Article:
By Jill Smith on August 30, 2019
A question commonly asked in the floating world is if children are allowed to float. While the answer to this question resides solidly with the parents and comfort of the child, we do have some guidance and suggestions of how you can make this work.
First, children can absolutely float and patriciate in float therapy. The only caveat is that minors participating in floatation therapy should be comfortable in water, comfortable in darkness, and be a bit older. Around 10 or older is the recommended age.
How Can Children Benefit From Floating?
For adults, floating can reduce stress and tension, increase focus and creativity, as well as give your muscles a 30, 60, or 90 minute stretch of relaxation. Well, these very same float benefits apply to children as well. While children may not have the same types of life stresses as adults, they certainly carry stress in their own ways. Common among children are stresses of being tired, growth, or even issues at home. And just as floating helps adults cope with these stresses, floating can also help older kids cope with theirs as well.
The obvious benefit to children is being in a warm, dark room where they can relax and possible sleep for 60 minutes. Another benefit is that the calm of a float tank may give kids time to think about their day, their actions, or maybe what they would like to achieve. It can be quite challenging to get kids to focus on these types of things with all the sensory input of home or school.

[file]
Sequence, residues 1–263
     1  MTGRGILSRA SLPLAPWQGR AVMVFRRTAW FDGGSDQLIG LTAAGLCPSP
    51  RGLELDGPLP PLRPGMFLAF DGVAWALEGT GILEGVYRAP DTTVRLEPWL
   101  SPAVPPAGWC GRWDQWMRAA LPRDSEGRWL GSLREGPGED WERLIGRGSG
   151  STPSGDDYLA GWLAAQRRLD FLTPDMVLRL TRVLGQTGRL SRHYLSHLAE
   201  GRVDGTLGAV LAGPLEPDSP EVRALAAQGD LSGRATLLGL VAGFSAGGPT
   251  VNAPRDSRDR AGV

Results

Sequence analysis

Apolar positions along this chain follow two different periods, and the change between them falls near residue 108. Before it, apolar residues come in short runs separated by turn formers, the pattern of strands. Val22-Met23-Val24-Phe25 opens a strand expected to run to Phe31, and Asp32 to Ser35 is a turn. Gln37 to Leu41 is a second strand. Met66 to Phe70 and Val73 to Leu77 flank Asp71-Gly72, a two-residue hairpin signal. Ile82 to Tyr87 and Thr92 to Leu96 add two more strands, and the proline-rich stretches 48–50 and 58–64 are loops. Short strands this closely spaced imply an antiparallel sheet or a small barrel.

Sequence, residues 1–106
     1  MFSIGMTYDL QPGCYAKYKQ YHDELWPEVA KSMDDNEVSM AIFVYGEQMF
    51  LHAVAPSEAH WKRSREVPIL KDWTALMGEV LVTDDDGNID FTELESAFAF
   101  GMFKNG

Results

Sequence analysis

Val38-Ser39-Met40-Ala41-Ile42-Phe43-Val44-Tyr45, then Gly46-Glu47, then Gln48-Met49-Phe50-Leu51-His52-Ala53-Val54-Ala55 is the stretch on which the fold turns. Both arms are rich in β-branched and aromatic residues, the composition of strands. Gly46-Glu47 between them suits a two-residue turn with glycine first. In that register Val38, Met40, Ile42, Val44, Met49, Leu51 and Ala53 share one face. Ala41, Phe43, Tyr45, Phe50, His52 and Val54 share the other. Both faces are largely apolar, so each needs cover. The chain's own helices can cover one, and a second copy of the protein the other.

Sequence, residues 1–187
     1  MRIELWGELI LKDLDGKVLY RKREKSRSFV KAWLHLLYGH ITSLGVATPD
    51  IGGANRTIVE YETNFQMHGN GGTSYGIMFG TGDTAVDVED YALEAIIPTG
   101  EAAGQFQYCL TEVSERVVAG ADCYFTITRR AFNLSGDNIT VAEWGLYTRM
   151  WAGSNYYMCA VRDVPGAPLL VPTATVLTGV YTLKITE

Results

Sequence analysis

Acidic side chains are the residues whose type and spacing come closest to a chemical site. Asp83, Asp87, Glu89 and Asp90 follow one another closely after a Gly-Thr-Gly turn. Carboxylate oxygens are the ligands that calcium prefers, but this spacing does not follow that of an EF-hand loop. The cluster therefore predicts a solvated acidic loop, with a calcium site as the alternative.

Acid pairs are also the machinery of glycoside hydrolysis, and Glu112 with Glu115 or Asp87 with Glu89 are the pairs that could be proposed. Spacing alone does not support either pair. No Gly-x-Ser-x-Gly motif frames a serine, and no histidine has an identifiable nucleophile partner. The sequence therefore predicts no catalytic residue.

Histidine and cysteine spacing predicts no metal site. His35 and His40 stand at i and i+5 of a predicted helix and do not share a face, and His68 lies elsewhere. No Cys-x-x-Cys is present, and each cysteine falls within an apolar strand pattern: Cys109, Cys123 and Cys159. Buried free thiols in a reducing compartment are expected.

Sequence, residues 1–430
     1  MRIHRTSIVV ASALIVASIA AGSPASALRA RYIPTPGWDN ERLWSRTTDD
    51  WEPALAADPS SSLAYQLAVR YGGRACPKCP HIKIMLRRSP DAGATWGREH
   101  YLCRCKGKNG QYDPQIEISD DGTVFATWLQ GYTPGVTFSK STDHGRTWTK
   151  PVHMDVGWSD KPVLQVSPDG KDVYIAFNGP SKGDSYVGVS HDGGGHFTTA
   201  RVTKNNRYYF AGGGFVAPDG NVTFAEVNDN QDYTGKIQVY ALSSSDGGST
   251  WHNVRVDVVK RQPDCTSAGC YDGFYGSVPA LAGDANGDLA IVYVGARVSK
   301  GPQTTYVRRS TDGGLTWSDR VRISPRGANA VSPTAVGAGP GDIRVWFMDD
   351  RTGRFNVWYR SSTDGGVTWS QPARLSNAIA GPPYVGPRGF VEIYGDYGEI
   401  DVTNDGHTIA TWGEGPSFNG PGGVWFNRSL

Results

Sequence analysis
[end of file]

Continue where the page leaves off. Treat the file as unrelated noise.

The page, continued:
Will My Kids Be Safe While Floating?
This is the most important question about children participating in float therapy. While kids may enjoy the float session, their safety is the number one priority of everybody involved. One common method of ensuring children's safety while floating is maintaining contact with a parent. Many of the parents who let their children float stay in the room with their kids for the duration of the 60 minute float. They may leave the tank door open and keep the room lights low. Or they may even close the door, but stay within earshot of their child. There's no correct method here, only what works best for you and your child.
Fears of drowning are also a major concern for parents thinking about letting their kids use a float tank. While always a fear, you should rest easy knowing that the water depth is only 10 to 12 inches and older kids are very unlikely to be harmed in this shallow depth of water. Also, the high salinity levels of the water would immediately alert an individual, including a child, to any drowning dangers they were exposed to.
It's not uncommon for people to fall asleep in float tanks. The high levels of salt keep your body easily afloat. Because of this, it's very difficult to roll over while floating in a tank. There is little to no fear of an older child falling asleep and drowning in a float tank.
Another option to consider is a couples sized float tank. An adult and a child can easily float together in a tank designed for two adults. Read our couples float guide post for more information about floating with a partner.
In summary, children can certainly participate in float therapy as long as their guardian maintains a proper lookout and safety. That can be as simple as being present in the room during their float, or even floating with them. Whatever you choose, just make sure to be attentive and available for any of their needs.